IWD | A tribute to Dolly 'the tea lady' Phillips
Following on from International Women’s Day, we remember a woman who was synonymous with Swansea City for decades, Dolly 'the tea lady' Phillips - arguably the most famous female to be employed by the club.
When Dolly joined the Swans' staff in 1947 the Vetch Field-based outfit was still known as Swansea Town.
Dolly lived next to the ground and became a surrogate mother to players and staff alike.
She never kicked a ball, but she made sure those who did had clean kit, a clean bath, (it was a large communal structure during most of her days) and she always had a brew on the go, inside and outside of working hours.
Dolly’s kit washing days were long and physically challenging. Kit was washed by hand, no mean feat in any era, but when you consider the training regime at the time involved running up and down the Swansea Bay sand dunes and drills were done on the Vetch Field pitch, it was even more remarkable
When Dolly died in 2013, a year short of her hundredth birthday, John Toshack referred to her as an ‘unsung hero’.
“She really was a surrogate mum to so many,” explained Esme Allchurch, widow of Ivor.
“She lived in the house right by the players' entrance and she was such an important part of the club for so long.
“When you sat in her front room you saw pictures of players everywhere, over the fireplace, on the wall. They weren’t all framed, you didn’t do that in those days, they were stuck on the wall and there were stories attached to every one of them.
“I remember calling in to see her regularly and one day I asked her who her favourite player was. It was my brother-in-law Len Allchurch at the time, but once Alan Curtis came along I don’t think anyone else got a look in for the title!
“The players were always her focus. It was about their welfare rather than the football, and whoever they were they were always referred to by her as ‘my boys’.
“She was always very welcoming of the wives and girlfriends too. I always felt she mothered me as well, and I looked on her as someone who was always willing to give advice and have a chat and of course a cup of tea and piece of cake.”
Joyce Medwin, wife of Terry, remembers Dolly as an ever-present at the Vetch Field.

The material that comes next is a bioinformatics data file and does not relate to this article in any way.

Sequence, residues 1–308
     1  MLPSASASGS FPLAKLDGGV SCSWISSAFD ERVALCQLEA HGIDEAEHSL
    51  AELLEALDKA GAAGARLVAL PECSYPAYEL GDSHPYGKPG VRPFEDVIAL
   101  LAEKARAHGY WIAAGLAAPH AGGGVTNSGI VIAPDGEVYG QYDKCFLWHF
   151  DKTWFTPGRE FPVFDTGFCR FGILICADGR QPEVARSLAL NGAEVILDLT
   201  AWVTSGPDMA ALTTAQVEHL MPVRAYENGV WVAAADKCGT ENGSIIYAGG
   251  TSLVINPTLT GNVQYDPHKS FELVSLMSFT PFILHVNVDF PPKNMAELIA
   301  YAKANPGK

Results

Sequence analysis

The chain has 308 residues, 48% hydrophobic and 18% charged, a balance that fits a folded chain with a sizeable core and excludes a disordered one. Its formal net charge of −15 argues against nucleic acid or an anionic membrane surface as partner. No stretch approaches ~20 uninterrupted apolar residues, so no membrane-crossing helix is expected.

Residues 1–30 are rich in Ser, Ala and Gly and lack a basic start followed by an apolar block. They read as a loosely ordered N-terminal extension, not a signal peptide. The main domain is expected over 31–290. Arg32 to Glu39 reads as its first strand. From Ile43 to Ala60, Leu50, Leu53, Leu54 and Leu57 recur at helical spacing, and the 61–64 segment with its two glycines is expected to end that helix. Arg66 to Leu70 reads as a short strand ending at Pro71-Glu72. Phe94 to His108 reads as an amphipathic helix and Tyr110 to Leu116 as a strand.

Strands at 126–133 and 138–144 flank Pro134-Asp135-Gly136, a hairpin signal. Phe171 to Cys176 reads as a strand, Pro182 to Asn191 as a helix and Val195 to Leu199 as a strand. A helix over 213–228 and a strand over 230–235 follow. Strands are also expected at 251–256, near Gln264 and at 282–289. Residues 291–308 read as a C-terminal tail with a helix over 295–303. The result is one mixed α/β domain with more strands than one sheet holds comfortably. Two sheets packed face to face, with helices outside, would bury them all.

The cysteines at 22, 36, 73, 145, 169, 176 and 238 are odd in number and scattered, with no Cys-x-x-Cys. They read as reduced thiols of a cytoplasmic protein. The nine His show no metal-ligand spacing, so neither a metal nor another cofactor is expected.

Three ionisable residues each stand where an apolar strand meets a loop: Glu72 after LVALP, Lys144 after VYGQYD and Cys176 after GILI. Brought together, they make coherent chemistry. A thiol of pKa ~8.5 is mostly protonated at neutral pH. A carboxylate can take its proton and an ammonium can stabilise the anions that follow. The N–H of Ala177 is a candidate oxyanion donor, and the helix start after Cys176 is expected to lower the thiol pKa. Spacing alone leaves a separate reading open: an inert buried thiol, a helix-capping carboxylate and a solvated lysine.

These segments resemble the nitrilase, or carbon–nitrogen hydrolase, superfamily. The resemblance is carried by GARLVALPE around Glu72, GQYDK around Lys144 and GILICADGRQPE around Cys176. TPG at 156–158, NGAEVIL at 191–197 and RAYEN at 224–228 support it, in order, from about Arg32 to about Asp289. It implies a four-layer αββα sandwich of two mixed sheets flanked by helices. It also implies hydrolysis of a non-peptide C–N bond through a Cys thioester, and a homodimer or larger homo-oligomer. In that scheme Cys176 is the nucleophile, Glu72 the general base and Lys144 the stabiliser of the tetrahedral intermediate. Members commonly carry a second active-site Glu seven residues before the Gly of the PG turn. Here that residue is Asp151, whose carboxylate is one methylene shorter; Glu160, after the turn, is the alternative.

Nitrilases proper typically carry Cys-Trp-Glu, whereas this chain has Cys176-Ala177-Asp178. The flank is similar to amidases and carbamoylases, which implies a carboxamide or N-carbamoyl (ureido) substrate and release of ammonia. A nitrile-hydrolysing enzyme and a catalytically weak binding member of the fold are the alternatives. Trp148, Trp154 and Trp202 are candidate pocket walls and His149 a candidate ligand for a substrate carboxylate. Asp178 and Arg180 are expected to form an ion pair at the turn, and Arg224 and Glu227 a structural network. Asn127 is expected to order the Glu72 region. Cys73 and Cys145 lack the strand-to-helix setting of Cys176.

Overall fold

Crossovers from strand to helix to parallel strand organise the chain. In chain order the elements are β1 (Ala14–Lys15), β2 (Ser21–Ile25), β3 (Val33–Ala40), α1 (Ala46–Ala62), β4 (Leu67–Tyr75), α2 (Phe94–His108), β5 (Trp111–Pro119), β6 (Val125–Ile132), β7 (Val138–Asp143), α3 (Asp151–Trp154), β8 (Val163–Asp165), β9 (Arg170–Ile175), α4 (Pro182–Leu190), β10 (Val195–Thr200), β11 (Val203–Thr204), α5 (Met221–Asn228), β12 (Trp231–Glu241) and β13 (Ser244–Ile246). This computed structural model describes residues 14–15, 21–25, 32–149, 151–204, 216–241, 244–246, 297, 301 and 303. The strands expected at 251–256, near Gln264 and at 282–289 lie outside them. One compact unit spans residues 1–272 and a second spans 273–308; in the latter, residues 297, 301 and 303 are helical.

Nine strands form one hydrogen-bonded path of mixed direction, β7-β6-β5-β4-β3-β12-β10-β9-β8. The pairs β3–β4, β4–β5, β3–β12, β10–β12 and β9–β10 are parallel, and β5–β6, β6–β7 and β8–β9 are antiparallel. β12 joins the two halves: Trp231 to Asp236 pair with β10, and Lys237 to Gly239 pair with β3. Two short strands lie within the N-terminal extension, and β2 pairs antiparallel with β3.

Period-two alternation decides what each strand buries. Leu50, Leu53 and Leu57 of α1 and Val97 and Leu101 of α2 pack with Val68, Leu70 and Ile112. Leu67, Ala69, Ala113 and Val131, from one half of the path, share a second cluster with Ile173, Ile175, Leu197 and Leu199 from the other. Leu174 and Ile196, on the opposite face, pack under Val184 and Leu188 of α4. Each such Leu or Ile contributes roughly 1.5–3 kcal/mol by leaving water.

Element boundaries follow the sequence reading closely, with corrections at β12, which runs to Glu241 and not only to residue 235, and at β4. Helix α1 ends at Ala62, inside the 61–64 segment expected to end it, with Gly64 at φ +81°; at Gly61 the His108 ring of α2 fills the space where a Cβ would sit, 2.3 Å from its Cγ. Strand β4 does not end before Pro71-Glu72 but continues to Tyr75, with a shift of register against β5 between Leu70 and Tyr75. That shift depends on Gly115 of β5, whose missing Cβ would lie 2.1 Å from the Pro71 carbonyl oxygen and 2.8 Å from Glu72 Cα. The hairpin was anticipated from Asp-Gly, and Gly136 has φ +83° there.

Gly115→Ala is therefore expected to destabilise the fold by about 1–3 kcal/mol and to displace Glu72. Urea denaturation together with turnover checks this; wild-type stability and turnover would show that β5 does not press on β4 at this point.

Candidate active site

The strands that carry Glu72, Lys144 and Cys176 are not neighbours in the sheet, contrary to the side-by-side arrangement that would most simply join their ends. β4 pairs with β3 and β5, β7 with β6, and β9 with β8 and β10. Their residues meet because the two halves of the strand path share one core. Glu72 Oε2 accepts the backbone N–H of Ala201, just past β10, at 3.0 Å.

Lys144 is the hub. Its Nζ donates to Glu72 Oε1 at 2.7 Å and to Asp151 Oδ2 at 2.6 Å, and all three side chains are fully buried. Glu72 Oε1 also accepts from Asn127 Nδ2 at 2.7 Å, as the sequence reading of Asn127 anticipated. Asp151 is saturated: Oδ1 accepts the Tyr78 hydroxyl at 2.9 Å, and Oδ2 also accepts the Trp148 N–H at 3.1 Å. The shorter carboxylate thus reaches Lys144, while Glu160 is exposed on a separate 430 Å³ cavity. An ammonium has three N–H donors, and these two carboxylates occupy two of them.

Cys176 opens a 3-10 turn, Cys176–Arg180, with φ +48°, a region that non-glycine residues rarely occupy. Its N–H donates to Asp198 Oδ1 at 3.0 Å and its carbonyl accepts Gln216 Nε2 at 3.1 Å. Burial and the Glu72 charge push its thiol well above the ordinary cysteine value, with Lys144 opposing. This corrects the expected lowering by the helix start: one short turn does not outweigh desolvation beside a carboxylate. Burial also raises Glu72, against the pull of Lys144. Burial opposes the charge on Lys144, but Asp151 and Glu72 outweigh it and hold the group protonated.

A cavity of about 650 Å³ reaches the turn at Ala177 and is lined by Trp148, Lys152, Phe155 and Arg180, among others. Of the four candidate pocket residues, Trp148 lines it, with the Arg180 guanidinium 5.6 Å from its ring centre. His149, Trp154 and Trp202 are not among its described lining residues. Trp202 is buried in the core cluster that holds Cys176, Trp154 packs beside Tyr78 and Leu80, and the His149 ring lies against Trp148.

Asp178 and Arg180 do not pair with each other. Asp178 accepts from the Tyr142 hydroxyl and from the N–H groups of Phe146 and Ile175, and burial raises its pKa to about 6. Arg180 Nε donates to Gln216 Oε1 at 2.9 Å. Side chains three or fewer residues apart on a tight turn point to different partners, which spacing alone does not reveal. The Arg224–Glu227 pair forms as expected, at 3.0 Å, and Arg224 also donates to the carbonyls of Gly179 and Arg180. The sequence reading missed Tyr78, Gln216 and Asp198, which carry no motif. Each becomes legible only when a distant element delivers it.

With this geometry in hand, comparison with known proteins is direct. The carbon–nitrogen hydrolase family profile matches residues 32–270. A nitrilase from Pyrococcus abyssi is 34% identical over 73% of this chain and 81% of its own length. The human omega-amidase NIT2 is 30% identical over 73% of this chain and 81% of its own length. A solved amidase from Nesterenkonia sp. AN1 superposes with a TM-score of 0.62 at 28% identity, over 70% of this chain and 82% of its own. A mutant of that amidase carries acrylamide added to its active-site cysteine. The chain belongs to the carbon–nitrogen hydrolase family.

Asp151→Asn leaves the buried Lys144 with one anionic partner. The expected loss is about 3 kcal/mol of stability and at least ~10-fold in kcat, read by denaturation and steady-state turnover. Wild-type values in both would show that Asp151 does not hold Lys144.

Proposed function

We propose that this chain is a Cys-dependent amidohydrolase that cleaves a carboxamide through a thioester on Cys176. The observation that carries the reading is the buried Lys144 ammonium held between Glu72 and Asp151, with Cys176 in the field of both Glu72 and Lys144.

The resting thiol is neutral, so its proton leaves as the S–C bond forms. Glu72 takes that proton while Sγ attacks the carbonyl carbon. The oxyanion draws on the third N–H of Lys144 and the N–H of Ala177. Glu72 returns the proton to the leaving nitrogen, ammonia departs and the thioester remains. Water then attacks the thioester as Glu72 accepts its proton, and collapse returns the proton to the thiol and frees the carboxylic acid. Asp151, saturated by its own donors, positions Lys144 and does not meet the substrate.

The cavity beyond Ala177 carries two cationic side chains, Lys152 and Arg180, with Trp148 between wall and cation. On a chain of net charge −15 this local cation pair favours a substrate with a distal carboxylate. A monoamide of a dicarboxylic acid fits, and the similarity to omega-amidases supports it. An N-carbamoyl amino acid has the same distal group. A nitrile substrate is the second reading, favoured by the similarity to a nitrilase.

"She was just always there with a cup of tea and always willing to have a chat," she recalls.
Former club secretary, Jackie Rockey, was introduced to Dolly before she started working for the Swans – because meeting the woman who was part of the fabric of the club was just something that had to be done.
“Frank Burrows’ wife, Wendy, took me to meet her. She was so well known and loved around the club and she did so much for the players, ‘her boys’," says Rockey.
“She had so many stories to tell. I used to love listening to them about Curt and so many of the others.
“I used to go and have lunch with her about once a month and there would always be something new to hear about. She really did love being a part of the club and being responsible for looking after the players. She was always more than ‘the tea lady’.”
Dolly featured in a radio documentary the year the club moved to the then Liberty Stadium in 2005.
In it she recalled the various roles she undertook, from washing the kit to keeping the tea flowing whenever there were people at the Vetch. She was there on matchdays and for meetings and always happy to chat.
She was the keeper of secrets, the confidant to many and the person most of the players relied on, especially those who were missing a familiar friendly face, away from home and in unfamiliar surroundings.
Few people associated with the Vetch Field era would not have seen or heard of Dolly ‘the tea lady’, a woman whose legacy lives on at her beloved Swansea City.